It sounds like you should be able to gain an advantage by waiting for the number of Red cards in the deck to exceed the number of Black cards and then bet, but of course that may never happen and then you will lose in the end.

    It turns out this game is fair and no matter what strategy you chose you can never gain an advantage but also never lose any advantage.

    This is actually an immediate consequence of the Martingale Stopping Theorem which (in this context) says that the chance of winning by betting at the very beginning is the same as the chance of winning by betting at any other time (in expectation). In probability theory Martingales are essentially models of fair games. Your winning probability in this game is a discrete-time martingale.

    There is however a much nicer argument.
    Suppose you have some arbitrary strategy.
    Instead of betting on the next card being Red you bet on the last card being Red.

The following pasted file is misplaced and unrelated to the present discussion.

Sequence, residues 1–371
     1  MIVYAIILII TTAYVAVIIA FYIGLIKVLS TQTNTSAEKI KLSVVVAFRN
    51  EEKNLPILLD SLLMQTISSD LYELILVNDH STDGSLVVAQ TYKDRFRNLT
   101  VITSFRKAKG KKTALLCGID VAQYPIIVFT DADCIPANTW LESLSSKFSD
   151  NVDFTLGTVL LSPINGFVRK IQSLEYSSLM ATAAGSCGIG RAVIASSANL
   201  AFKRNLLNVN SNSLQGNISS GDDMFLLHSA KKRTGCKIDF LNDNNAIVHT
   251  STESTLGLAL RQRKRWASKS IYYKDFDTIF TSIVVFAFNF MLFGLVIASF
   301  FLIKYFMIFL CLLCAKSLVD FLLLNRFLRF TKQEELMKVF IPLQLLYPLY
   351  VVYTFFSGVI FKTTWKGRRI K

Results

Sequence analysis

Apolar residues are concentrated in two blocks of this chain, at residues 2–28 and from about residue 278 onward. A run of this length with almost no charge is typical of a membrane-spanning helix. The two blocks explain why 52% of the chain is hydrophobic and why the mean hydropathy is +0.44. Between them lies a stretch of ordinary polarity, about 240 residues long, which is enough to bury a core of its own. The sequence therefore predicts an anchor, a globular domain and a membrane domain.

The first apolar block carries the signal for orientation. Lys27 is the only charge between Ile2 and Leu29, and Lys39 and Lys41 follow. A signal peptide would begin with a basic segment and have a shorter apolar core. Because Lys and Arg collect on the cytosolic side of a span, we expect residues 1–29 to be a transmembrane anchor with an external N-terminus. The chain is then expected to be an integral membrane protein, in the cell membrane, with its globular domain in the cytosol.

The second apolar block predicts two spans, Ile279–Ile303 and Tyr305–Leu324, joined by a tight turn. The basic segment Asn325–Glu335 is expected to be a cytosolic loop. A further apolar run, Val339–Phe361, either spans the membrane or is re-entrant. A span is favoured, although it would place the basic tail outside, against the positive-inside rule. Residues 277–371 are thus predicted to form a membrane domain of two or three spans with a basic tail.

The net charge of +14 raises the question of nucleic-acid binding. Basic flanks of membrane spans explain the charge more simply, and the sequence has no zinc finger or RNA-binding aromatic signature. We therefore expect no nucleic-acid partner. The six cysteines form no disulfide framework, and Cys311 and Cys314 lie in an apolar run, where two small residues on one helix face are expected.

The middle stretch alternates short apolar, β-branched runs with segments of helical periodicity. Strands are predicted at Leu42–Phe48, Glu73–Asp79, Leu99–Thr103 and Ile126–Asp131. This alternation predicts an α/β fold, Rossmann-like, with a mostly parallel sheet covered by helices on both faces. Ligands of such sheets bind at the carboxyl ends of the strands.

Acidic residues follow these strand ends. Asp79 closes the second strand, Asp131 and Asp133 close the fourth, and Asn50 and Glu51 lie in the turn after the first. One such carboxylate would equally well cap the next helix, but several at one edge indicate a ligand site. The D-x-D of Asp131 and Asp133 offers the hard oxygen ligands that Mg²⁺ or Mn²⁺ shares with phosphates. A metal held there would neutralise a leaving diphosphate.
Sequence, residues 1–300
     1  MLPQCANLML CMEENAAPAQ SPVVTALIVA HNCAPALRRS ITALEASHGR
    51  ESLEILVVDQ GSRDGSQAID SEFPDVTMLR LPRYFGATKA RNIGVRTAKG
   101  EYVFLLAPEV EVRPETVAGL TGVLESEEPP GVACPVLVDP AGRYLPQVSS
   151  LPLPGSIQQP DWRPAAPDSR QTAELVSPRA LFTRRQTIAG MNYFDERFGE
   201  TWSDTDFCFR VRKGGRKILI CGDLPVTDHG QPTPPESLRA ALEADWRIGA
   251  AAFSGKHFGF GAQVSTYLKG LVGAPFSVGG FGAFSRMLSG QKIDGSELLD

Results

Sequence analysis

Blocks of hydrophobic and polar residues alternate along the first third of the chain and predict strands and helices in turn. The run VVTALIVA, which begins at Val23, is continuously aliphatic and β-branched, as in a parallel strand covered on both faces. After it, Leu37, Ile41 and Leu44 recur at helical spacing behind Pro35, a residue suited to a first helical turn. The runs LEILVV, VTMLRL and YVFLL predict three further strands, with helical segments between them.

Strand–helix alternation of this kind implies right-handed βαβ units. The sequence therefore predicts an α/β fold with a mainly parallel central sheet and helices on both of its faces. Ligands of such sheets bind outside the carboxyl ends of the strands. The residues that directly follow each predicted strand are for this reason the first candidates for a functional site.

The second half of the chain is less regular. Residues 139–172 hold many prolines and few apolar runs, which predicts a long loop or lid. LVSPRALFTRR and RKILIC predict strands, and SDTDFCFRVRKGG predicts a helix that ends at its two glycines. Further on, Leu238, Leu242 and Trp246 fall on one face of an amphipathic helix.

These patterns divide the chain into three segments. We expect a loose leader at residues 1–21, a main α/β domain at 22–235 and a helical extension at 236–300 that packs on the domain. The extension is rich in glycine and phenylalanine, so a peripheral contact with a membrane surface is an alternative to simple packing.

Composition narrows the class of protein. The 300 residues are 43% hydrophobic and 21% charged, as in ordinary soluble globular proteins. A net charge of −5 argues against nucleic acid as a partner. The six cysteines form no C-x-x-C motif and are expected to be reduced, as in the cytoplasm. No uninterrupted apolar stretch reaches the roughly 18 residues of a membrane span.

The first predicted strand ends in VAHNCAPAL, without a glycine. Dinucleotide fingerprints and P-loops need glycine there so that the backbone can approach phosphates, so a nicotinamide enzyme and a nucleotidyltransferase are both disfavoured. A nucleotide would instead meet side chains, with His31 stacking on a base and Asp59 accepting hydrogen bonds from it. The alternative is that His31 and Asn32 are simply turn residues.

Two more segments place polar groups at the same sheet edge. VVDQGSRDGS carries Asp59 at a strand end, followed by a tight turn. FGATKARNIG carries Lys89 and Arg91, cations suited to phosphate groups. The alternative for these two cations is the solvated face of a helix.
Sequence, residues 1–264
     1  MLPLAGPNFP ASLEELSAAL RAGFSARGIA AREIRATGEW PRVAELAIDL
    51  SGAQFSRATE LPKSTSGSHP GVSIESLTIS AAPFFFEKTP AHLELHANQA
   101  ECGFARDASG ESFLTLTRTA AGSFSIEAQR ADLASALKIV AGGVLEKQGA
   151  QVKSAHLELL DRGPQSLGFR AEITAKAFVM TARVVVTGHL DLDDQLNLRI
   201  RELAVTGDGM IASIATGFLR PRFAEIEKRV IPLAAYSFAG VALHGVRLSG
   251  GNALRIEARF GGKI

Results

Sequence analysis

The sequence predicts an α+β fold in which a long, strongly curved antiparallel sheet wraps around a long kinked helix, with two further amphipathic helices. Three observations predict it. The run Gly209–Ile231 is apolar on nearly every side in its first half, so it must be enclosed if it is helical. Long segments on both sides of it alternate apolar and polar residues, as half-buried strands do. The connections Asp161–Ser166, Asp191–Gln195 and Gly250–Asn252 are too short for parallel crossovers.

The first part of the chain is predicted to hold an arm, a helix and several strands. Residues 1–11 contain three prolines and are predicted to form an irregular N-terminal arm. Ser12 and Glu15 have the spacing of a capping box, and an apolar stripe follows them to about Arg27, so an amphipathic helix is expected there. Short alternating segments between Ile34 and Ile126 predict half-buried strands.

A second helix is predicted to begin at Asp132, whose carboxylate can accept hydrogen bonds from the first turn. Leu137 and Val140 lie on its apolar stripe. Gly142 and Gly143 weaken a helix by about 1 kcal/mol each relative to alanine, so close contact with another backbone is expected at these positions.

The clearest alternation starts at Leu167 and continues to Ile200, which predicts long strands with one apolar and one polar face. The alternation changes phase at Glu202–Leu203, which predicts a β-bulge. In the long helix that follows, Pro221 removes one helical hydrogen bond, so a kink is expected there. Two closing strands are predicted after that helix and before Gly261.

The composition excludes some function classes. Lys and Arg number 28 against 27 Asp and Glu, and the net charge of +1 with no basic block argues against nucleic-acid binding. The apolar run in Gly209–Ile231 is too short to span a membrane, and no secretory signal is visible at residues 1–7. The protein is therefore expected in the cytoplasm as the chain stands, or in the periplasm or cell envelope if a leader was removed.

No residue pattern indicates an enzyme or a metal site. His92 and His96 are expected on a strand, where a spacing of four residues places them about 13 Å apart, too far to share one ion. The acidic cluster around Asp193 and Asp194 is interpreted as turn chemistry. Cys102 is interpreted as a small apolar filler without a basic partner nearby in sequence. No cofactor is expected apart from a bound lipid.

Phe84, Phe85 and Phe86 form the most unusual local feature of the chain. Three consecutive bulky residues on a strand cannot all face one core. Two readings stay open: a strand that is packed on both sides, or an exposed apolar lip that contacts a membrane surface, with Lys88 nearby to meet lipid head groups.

At any point during the game the probability of the next card being Red is of course the same as the probability of the last card being Red, so the two versions of the game are equivalent. But this new version is completely uninteresting because you win anyway if the last card is Red regardless of the strategy you chose i.e the last card doesn’t change just because you choose a different strategy.


    The next game is much more interesting and now the question is instead how much money you can make.

    Problem 3 (Red Or Black? – Version 2):

    Again a dealer perfectly shuffles a standard deck of 52 cards with equally many Red and Black cards.

    You start with 1$.

    The dealer turns over one card at a time and gives you the opportunity to bet any fraction of your current worth on the colour of the next card.